Though the prevalent bent of the Scipionic circle was towards Stoicism, it was far from rejecting the society of those who adhered to other systems. Thus Clitomachus, the New Academic, was the friend of many Romans of high station in his time.

On the literary side the circle of Scipio and Laelius was strong. To it belonged Polybius, the great historian, Lucilius the satirist, and the dramatists Terence and Pacuvius, with many others scarcely less distinguished.

We cannot here give any detailed account of the persons who formed this brilliant society, but must confine ourselves to such information as is necessary to illustrate the Laelius. In şu of the dialogue we have some of the chief events of Scipio's life indicated. Born in 185 B.C., the son of L. Aemilius Paullus the conqueror of Macedonia, he became the adopted son of the son of the elder Africanus, just before the outbreak of the Third Punic War. His services in a subordinate position in that war, as well as in previous wars, produced such a conviction of his


R. L.

ability, that in 148, when he was only a candidate for the aedileship, the laws were suspended in order to elect him consul and place him in command of the army before Carthage. At the end of his year of office his command was prolonged for another year, during the course of which he took Carthage and reduced Africa to the condition of a Roman province. In 142 he was censor, and in 134, though not a candidate, was elected to the consulship and put in command of the Roman army then besieging the city of Numantia in Spain. The war of which this siege formed a part had been going on for some years most disastrously for the Romans, but Scipio speedily brought it to a conclusion in 133 B.C. While before Numantia he received the news of the murder of Ti. Gracchus, whose sister he had married and whose cousin he had become by adoption, but whose policy he had on the whole opposed, though he had occasionally coquetted with the democrats. He merely quoted the Homeric line ως απόλοιτο και άλλος ότις τοιαύτά γε ρέζοι, so may een another perish, whoso dares such deeds as he.' On his return to Rome Scipio strongly resisted the democratic proposals of Carbo and the other leaders of the party of the Gracchi. In 129 B.C. a most violent scene occurred in the senate between him and Carbo in consequence of a proposal made by Scipio which was intended to render the execution of the great agrarian law of Ti. Gracchus impracticable. At the end of the sitting he was escorted triumphantly home by a crowd mainly composed of Latins and Italians, whose properties were threatened by the law. In the morning he was found dead in his room. Opinion in Rome was at the time and remained divided as to the cause of his death. In the Laelius the death is assumed to have been from natural causes? Elsewhere however Cicero adopts the views of many of Scipio's friends that Carbo murdered him. Carbo afterwards lent colour to the suspicions by putting himself to death, in order, as was supposed, to avoid a direct prosecution. Even Gaius Gracchus was in ancient times suspected of having thus avenged his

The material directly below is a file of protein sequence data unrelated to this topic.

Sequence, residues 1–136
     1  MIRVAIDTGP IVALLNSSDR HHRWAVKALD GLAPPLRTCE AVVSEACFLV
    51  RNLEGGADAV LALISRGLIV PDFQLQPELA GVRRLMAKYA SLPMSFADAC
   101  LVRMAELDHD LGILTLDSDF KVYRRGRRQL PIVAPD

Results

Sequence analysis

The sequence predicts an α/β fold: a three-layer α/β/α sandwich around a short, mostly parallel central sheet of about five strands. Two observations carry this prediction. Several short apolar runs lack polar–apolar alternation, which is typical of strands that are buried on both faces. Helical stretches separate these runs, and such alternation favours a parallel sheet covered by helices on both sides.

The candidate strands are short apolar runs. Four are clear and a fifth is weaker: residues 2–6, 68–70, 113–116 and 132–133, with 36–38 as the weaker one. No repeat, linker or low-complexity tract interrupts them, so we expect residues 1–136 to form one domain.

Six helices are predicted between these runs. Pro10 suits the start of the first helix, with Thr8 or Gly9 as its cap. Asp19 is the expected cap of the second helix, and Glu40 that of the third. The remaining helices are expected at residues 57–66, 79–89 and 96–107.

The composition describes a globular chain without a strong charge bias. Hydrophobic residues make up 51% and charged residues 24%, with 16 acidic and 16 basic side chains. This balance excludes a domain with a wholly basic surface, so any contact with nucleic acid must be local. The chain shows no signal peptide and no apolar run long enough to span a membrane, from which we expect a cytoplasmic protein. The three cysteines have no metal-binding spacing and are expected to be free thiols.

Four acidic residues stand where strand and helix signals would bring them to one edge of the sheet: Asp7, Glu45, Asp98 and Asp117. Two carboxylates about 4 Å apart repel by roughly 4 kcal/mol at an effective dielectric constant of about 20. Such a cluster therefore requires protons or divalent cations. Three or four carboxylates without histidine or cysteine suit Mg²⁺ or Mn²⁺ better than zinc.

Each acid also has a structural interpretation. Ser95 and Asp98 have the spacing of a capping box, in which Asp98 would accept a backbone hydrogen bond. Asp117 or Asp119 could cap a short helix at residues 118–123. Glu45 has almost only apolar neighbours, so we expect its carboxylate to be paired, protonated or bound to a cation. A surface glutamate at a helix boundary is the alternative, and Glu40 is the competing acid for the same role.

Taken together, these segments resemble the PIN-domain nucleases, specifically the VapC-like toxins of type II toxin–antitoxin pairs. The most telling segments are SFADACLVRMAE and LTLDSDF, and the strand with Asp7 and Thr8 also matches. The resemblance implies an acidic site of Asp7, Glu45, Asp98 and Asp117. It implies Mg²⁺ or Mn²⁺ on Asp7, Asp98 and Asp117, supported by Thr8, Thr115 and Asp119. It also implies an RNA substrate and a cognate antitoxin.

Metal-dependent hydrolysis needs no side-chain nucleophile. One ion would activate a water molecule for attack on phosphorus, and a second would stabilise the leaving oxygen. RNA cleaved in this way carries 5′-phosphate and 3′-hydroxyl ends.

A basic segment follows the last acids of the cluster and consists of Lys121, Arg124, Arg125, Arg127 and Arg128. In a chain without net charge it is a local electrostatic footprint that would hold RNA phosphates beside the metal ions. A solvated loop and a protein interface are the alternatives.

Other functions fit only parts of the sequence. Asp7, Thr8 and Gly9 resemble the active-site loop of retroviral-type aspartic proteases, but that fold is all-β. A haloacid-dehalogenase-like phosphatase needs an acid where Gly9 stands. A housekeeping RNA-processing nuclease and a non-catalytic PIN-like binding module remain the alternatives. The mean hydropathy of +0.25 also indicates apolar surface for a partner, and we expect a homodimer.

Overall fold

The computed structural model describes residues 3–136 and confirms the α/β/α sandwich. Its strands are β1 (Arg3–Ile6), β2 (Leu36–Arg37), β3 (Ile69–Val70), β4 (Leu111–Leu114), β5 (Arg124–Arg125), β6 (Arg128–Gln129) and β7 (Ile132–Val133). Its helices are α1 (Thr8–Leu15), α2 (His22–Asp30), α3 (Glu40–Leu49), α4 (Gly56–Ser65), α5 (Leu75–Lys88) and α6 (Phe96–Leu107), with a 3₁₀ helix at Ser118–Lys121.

1 For the interpretation of $ 41 2 De Or. 2, 170; Fam. 9, 21, 3; see my nn. there.

Qu. Fr. 2, 3, 3.

« PreviousContinue »